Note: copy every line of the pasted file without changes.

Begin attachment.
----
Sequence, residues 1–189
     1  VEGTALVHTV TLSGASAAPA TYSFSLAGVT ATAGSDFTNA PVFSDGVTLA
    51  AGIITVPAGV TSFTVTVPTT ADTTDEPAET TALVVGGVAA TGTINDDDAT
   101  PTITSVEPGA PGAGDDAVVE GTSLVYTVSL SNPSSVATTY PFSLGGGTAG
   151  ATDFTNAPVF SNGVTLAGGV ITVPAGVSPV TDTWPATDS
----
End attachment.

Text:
Sequence, residues 1–189
     1  VEGTALVHTV TLSGASAAPA TYSFSLAGVT ATAGSDFTNA PVFSDGVTLA
    51  AGIITVPAGV TSFTVTVPTT ADTTDEPAET TALVVGGVAA TGTINDDDAT
   101  PTITSVEPGA PGAGDDAVVE GTSLVYTVSL SNPSSVATTY PFSLGGGTAG
   151  ATDFTNAPVF SNGVTLAGGV ITVPAGVSPV TDTWPATDS